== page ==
LINCROFT, N.J. -- When Superstorm Sandy barreled through New Jersey last October, she left behind the kind of wreckage often dreamed up by Hollywood for big-screen disaster films.
The largest tropical storm ever to form in the mid-Atlantic basin tore up utility lines, flooded sewage treatment facilities, disrupted transportation links, downed trees, washed out roads and bridges and pushed hundreds of shorefront homes into the ocean.
Wide swaths of the state were without power for weeks. Traffic signals were down. Phone lines were out. Train, bus and ferry services were out of commission.
Recovery efforts began immediately, and nine months later, the work of rebuilding and restoring is still under way.
In dozens of New Jersey communities, dredges, cranes, utility trucks and construction crews are now familiar parts of the landscape.
And as the recovery progresses, the costs mount.
A disaster of this magnitude could potentially bankrupt the budgets of many of New Jersey’s 565 municipalities and result in unprecedented tax increases for property owners.
But thanks to the support of the state and federal government, New Jersey taxpayers don’t have to bear the enormous costs of this catastrophe alone.
As authorized under the Stafford Act, when a major disaster such as Superstorm Sandy occurs anywhere in the United States, the governor of an impacted state may determine that the nature and extent of the emergency exceeds the state’s ability to respond effectively and ask the president to declare a disaster.
A governor’s request is relayed to the president through the regional office of the Federal Emergency Management Agency after the governor has established that the state has taken appropriate action under state law and has executed its emergency plan.
The provisions of the Stafford Act also apply to the District of Columbia, Puerto Rico, the Virgin Islands, Guam, American Samoa, the Commonwealth of the Northern Mariana Islands, and tribal nations.
Once a governor makes a request for federal assistance, state and federal officials conduct a Preliminary Damage Assessment to estimate the extent of the disaster and its impact on individuals and public facilities.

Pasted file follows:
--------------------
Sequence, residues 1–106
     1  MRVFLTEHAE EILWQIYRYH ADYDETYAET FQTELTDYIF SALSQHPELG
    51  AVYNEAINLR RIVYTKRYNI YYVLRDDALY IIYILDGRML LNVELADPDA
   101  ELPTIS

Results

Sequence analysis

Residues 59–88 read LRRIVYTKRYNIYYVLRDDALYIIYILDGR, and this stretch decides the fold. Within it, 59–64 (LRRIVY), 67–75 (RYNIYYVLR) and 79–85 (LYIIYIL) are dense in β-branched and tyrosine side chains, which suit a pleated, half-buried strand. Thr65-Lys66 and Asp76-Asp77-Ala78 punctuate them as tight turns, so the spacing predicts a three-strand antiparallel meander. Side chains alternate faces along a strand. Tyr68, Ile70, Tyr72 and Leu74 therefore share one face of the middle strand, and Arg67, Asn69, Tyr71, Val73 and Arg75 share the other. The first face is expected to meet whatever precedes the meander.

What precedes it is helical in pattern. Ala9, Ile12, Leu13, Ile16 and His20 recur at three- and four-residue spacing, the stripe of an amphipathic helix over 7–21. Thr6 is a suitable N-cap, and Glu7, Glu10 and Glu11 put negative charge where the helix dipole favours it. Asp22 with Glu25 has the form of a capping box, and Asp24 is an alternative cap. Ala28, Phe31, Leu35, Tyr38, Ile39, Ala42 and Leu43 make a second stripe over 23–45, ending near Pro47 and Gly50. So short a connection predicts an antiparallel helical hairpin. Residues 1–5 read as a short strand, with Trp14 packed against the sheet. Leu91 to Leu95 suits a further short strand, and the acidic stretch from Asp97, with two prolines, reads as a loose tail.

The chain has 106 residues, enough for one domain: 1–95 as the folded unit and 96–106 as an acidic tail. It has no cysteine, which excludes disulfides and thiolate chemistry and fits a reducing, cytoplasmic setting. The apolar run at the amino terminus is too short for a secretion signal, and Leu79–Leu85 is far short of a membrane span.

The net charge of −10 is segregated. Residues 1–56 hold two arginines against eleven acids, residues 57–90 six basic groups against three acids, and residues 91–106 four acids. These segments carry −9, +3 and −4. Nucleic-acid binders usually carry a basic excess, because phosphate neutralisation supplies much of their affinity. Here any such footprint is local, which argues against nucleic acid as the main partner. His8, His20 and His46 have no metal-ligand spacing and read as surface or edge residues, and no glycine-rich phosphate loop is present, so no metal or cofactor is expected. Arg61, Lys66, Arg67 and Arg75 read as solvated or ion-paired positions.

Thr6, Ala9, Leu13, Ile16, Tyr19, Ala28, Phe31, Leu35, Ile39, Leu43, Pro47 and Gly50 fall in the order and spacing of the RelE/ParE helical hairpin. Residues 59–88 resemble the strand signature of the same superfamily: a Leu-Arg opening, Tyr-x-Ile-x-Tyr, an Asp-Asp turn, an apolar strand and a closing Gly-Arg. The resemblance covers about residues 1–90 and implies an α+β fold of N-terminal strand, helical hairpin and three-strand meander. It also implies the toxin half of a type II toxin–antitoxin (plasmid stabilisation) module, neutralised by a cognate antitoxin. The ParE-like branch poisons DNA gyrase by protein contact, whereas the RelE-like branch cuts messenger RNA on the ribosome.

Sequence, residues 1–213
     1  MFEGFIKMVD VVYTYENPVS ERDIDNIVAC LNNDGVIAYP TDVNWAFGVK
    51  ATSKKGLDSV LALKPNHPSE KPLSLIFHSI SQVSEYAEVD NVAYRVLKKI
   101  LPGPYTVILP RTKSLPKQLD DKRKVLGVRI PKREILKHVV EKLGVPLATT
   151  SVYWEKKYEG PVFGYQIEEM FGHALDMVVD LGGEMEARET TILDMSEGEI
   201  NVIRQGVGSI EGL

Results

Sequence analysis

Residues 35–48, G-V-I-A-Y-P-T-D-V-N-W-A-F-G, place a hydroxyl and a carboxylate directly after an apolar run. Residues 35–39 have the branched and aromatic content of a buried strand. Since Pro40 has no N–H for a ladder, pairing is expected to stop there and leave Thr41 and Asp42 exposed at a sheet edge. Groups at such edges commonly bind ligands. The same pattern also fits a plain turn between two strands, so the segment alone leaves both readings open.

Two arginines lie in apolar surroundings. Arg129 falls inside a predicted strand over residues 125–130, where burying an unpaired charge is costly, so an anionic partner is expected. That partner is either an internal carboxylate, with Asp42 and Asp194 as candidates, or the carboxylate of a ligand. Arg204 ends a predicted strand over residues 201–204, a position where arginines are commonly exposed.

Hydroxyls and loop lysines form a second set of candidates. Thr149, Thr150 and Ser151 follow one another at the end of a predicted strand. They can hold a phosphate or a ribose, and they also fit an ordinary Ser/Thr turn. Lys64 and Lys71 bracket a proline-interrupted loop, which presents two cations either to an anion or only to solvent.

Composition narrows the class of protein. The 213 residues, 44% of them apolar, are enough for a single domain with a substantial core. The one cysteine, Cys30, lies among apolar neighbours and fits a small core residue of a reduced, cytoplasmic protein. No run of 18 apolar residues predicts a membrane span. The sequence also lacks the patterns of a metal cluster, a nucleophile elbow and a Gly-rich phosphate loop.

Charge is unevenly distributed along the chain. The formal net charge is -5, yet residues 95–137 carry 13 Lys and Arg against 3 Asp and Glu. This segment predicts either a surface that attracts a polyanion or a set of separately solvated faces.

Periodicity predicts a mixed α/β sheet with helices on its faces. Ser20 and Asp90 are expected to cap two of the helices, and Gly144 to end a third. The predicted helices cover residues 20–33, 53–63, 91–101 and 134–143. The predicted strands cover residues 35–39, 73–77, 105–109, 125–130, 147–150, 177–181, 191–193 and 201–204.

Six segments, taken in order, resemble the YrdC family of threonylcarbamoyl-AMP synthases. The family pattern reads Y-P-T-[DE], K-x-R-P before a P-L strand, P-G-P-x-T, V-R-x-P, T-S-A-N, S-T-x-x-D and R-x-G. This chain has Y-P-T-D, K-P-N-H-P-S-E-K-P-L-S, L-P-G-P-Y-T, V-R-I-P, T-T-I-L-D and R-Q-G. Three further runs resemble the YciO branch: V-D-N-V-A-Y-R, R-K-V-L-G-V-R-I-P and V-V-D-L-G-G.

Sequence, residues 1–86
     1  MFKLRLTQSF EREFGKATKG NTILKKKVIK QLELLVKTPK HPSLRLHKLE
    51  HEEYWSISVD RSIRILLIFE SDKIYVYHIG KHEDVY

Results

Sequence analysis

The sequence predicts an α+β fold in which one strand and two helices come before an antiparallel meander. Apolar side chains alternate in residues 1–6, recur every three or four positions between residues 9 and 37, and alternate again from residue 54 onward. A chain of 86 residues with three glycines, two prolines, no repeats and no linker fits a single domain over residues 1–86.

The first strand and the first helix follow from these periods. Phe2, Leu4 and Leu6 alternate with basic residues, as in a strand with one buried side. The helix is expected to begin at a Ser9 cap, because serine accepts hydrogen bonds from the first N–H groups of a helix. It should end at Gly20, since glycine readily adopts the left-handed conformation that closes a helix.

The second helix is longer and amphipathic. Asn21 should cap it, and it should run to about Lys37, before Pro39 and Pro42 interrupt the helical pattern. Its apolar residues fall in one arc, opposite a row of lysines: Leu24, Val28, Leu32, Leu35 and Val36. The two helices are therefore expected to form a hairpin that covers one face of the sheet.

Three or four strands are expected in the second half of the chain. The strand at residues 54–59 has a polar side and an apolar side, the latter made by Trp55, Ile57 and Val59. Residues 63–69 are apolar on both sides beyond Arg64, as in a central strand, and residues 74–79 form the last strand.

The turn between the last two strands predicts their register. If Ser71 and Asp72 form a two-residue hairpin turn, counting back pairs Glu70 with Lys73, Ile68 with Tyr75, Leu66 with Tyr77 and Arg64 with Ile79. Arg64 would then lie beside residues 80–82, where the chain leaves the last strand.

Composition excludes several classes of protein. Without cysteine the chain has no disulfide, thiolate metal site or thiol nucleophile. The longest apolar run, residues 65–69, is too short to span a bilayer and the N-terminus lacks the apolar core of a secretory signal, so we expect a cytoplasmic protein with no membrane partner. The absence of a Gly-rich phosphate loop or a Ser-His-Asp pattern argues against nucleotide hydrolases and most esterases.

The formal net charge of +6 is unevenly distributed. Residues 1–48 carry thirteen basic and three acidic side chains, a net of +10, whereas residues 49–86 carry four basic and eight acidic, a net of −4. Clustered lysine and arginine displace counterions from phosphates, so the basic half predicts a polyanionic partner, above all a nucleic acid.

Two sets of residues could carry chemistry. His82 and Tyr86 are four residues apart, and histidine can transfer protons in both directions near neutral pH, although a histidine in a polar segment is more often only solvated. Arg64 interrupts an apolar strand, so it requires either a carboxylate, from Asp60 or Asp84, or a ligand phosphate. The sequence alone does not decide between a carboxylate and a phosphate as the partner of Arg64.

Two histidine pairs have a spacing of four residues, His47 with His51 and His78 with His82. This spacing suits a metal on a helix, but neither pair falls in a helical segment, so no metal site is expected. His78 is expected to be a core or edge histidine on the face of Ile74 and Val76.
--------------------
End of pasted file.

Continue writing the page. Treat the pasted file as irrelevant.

Once made, that declaration authorizes the Federal Emergency Management Agency, which is part of the Department of Homeland Security, to mobilize its resources to assist the state in recovery.
FEMA assistance is tailored to the character of the disaster. Assistance may include outreach to individuals and families through FEMA’s Housing and Other Needs program, and Public Assistance, which provides supplemental Federal disaster grants for distribution by the state to eligible applicants such as local governments and certain private nonprofits.
These grants can be applied to the cost of disaster-related debris removal, emergency protective measures, repair, replacement, or restoration of publicly-owned facilities as well as those of eligible nonprofits such as medical, educational, utility, emergency and custodial care agencies.
The Public Assistance Program also provides grant assistance to eligible applicants for hazard mitigation measures designed to reduce the risk of damage in a future disaster.
The Federal share of assistance is not less than 75 percent of the eligible cost for emergency measures and permanent restoration. When the cost of disaster recovery exceeds a certain amount, as it has in New Jersey following Superstorm Sandy, the federal government may increase the federal cost-share to 90 percent.
FEMA awards its grants to the state of New Jersey, which distributes federal eligible funding to the applicants. FEMA provides 90 percent of the cost of eligible projects. The remaining 10 percent of eligible costs is borne by state and local government.
To date, nearly $800 million in federal grants has been disbursed by FEMA’s Public Assistance division to pay for the cost of emergency response, debris removal, dredging, replenishment of engineered beaches eroded by Sandy, reconstruction of public boardwalks and streets, restoration of sewage treatment facilities and rebuilding of taxpayer-supported infrastructure.
Among the projects presently under way is the replacement of the Belmar boardwalk, which is funded by a $9.2 million FEMA grant, $26.1 million to the Passaic Valley Sewerage Commission for the repair of one of the largest wastewater treatment facilities in the nation, $17.3 million for the reconstruction of the Atlantic Highlands Marina and $2.2 million for costs involved in the restoration of sand and dune grass on Strathmere Beach in Upper Township.
So while the name “FEMA” doesn’t appear on construction vehicles or worksites, FEMA dollars are hard at work in New Jersey, supporting the state in their mission to rebuild and restore the quality of life that makes New Jersey and the Jersey Shore the place that more than 8.8 million people choose to call home.
FEMA's mission is to support our citizens and first responders to ensure that as a nation we work together to build, sustain, and improve our capability to prepare for, protect against, respond to, recover from, and mitigate all hazards.
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